The US dollar's surge against the Canadian dollar extended to CAD1.3735 yesterday, which is about where the trendline off the 2020, 2022 and 2023 highs intersected yesterday. Last week's low was set before Canada's July GDP (flat vs. median forecast in Bloomberg's survey for 0.1% after -0.2% in June) and before US income, consumption and deflator was almost CAD1.3415. The greenback's surge has carried it to its highest level since March and through the upper Bollinger Band (~CAD1.3710). It is consolidating in a narrow range of about CAD1.3695-CAD1.3725 today. A close below CAD1.3660 would confirm the greenback's upside momentum has stalled. That said, the next important chart area is CAD1.3800-15 and then the year's high set on March 10 near CAD1.3860. The greenback's surge and risk-off has overwhelmed the Mexican peso too. The greenback pushed above MXN18.00 for the first time since early May and closed above the 200-day moving average (~MXN17.8245) for the first time since September 2022. Follow-through buying today lifted the US dollar a little above MXN18.2150 before the reversing lower to approached MXN18.00. A break of MXN17.80 would stabilize the technical tone. One take away is that this is not a peso move but a dollar move. For example, the peso and Brazilian real fell by roughly the same amount (-1.6%). Latam currencies, which have been the market's darlings this year, accounted for the five of the six weakest emerging market currencies yesterday, with the South African rand joining them.
US Median Q3 GDP Nowcast Holds Above 3%
Rising interest rates may threaten the “soft landing” outlook for the US economy, but the upcoming preliminary estimate of third-quarter GDP from the…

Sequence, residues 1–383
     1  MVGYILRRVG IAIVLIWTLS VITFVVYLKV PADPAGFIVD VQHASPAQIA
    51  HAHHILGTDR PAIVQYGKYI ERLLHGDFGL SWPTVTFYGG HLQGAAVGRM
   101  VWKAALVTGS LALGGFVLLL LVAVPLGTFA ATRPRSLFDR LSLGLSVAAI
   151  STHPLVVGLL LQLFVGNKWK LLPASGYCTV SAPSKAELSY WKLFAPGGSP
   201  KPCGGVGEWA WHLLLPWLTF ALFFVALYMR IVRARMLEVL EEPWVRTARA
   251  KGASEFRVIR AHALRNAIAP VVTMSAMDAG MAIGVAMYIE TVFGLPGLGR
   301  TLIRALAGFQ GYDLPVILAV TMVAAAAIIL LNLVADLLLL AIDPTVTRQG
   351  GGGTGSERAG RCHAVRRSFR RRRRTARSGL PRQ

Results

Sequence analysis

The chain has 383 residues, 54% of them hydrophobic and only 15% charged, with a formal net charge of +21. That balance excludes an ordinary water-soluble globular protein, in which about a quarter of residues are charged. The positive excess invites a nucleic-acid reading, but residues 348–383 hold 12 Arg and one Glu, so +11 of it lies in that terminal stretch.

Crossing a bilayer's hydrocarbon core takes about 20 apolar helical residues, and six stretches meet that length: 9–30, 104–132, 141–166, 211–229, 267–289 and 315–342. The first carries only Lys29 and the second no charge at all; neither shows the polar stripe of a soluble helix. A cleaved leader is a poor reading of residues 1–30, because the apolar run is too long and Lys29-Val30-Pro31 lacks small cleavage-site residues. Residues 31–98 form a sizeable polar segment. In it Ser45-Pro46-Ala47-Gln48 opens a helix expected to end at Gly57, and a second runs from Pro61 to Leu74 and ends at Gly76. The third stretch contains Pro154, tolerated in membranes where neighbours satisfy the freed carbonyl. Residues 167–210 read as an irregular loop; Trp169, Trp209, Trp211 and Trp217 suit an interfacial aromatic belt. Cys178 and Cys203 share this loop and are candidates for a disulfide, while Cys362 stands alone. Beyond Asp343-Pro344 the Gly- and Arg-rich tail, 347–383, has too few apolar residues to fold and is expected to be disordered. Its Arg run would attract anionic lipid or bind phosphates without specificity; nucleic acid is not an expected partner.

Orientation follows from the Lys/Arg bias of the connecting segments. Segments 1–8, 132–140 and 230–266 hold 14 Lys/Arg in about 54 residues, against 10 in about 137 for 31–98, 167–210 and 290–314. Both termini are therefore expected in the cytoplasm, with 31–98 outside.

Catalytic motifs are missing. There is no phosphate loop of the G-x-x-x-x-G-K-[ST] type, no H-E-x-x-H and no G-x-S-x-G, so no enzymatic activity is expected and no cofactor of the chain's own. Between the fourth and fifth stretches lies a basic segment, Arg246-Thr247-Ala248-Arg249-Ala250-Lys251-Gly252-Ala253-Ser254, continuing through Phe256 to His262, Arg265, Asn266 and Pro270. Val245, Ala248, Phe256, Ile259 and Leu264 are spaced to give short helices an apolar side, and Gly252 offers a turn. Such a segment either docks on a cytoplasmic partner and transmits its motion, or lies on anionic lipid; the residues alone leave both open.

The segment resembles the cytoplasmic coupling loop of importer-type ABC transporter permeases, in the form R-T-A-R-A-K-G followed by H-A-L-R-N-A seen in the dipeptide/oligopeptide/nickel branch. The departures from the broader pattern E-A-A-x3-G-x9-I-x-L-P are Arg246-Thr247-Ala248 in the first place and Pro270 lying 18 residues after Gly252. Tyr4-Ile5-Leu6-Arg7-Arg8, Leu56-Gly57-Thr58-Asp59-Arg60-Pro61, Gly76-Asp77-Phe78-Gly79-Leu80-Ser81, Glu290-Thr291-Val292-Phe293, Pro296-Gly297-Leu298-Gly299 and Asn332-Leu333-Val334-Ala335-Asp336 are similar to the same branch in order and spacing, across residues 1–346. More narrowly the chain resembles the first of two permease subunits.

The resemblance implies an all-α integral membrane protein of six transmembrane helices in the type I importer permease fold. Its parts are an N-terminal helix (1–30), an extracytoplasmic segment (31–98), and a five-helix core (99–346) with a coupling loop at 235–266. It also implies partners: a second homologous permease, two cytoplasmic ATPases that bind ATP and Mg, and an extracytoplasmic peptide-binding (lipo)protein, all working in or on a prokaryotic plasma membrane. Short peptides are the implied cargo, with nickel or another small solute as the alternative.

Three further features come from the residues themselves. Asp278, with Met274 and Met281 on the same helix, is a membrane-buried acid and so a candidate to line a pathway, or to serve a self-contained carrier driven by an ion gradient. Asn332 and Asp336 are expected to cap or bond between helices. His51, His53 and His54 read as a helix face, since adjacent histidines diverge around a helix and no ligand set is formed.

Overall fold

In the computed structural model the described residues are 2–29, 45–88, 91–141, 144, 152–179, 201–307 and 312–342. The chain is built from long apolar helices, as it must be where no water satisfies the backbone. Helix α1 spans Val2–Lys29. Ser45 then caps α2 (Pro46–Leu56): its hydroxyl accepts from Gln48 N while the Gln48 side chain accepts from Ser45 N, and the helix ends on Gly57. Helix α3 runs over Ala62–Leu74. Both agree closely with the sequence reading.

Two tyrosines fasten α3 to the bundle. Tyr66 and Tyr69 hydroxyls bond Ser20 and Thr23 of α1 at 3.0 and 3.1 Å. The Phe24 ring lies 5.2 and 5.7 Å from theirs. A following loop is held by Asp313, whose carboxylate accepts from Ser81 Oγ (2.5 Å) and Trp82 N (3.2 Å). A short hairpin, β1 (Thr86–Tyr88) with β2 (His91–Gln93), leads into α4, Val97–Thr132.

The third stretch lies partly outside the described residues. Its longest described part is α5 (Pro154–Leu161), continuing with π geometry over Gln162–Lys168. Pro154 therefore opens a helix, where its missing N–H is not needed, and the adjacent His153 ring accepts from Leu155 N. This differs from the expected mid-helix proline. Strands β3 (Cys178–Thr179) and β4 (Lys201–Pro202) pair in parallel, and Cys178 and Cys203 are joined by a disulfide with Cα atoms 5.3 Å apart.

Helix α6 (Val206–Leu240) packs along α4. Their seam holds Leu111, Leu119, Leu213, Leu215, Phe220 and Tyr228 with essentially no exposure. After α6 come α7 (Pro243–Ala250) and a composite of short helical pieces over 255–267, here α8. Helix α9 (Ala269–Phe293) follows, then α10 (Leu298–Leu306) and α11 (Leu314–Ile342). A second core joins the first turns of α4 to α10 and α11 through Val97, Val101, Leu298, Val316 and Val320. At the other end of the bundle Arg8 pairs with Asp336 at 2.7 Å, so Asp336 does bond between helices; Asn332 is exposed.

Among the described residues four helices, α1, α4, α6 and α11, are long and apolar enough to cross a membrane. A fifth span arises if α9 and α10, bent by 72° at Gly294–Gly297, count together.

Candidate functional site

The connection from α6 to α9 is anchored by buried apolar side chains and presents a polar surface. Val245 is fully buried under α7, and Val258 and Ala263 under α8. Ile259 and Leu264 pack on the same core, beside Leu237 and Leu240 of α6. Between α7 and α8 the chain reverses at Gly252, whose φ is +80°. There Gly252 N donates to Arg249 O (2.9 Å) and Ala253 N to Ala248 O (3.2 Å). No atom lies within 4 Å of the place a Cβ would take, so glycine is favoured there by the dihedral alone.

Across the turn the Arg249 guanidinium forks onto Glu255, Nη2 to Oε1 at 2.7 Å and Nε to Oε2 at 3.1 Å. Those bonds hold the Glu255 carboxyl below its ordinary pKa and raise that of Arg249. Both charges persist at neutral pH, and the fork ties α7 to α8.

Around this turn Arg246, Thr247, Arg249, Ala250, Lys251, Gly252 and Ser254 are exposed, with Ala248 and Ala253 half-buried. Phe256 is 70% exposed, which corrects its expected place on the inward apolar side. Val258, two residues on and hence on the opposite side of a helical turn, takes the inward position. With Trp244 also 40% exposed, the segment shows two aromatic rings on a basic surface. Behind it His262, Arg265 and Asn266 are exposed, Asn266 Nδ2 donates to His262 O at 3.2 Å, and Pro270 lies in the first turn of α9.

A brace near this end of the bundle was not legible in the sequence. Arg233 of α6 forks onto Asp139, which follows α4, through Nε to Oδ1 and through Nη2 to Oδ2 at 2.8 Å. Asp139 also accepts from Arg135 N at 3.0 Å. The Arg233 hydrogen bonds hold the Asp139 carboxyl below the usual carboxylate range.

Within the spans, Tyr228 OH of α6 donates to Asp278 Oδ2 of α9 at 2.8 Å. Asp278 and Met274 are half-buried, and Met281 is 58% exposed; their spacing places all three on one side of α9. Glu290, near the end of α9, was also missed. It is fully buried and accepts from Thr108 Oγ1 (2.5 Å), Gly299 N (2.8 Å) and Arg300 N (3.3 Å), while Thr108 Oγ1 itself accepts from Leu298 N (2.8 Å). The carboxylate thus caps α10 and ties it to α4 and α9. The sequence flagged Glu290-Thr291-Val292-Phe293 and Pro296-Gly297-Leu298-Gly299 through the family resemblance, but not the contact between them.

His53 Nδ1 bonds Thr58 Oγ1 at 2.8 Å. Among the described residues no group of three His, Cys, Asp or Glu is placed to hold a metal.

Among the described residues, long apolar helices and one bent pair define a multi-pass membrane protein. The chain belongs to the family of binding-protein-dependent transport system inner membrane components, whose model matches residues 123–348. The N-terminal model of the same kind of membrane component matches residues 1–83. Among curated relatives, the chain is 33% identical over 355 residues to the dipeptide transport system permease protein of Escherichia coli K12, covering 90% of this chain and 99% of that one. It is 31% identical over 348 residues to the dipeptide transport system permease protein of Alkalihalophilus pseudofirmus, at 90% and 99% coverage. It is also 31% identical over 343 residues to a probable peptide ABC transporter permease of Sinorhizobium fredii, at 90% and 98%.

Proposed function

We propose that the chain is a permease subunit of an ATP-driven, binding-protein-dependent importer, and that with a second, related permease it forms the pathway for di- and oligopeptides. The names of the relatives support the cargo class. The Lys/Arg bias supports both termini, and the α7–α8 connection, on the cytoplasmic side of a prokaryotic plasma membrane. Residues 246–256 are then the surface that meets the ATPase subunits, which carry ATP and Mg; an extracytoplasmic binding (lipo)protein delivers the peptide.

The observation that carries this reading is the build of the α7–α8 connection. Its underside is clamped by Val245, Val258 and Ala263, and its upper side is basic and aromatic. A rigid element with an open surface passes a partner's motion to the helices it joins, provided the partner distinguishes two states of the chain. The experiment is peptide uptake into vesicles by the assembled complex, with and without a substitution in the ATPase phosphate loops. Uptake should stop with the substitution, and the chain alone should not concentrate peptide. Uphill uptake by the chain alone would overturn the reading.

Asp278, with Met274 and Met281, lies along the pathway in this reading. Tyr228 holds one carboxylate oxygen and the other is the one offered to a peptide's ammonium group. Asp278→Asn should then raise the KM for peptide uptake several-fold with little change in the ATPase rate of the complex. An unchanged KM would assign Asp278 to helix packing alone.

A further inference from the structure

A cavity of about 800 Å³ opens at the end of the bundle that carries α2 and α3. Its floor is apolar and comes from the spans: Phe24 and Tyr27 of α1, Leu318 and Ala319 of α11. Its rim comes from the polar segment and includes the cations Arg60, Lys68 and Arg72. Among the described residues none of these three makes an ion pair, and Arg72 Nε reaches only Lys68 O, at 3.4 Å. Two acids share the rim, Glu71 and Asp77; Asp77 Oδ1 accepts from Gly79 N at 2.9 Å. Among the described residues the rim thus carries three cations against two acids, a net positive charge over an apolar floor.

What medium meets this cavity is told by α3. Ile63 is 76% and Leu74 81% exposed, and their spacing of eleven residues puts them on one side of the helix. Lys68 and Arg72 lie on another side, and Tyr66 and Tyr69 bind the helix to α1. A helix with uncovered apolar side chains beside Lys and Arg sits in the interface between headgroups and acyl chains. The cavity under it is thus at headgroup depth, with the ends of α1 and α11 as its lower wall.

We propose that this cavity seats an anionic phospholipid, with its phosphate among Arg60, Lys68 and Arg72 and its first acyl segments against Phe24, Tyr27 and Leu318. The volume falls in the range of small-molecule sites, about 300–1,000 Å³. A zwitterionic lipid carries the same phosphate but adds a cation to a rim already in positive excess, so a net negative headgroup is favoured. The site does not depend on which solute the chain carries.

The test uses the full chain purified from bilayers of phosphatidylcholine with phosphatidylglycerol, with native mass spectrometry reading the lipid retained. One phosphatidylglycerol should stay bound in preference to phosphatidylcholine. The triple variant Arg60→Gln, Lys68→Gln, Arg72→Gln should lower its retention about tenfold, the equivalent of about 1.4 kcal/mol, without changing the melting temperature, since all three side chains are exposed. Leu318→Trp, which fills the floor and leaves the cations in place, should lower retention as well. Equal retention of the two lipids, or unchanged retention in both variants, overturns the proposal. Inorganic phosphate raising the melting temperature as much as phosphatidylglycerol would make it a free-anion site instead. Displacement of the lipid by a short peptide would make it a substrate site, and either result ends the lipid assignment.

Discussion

Rising interest rates may threaten the “soft landing” outlook for the US economy, but the upcoming preliminary estimate of third-quarter GDP from the government still looks set to report that output picked up from Q2.
The median nowcast for GDP via several sources compiled by CapitalSpectator.com indicates growth at 3.2% for the July-through-September period (seasonally adjusted annual rate). That’s substantially up from the 2.1% advance in Q2.
But in a sign of what may be brewing, today’s revised Q3 nowcast is fractionally below the previous update. It’s reasonable to assume that more downside revisions are likely ahead of the Oct. 26, when the Bureau of Economic Analysis will publish its Q3 report for GDP. One factor weighing on the outlook for the remaining Q3 nowcasts: rising Treasury yields.
The recent runup in the 10-year yield lifted the benchmark rate to 4.81% on Tuesday (Oct. 3), the highest since 2007. “I think we’re gonna go to five [percent]” for the 10-year yield, predicts former Pimco bond fund manager Bill Gross.
Upside momentum for the 10-year yield is certainly strong lately. The 50-day average for the rate, after briefly falling below its 200-day counterpart in the spring, has recently rebounded, which implies that the market will continue to reprice this yield higher in the near term.
Meanwhile, Fed officials are signaling that interest rate cuts aren’t on the horizon. In fact, it’s premature to rule out another rate hike, advises Cleveland Fed President Loretta Mester. On Monday she said: “At this point, I suspect we may well need to raise the fed funds rate once more this year and then hold it there for some time as we accumulate more information on economic developments and assess the effects of the tightening in financial conditions that has already occurred,”
Jim Bianco, president of Bianco Research, tells CNBC: “I don’t think we’re near the end of this move in the bond market.”
Higher interest rates are a new headwind for the economy in Q4 and beyond. There’s also a risk that today’s 3%-plus nowcast for the upcoming Q3 report will be revised down ahead of the Oct. 26 release. Given the recent persistence in higher nowcasts vs. Q2, however, it’s likely that growth will match or exceed the previous quarter. But the longer that interest rates rise and/or hold on to current levels, the stronger the case for revising current growth estimates down for Q4.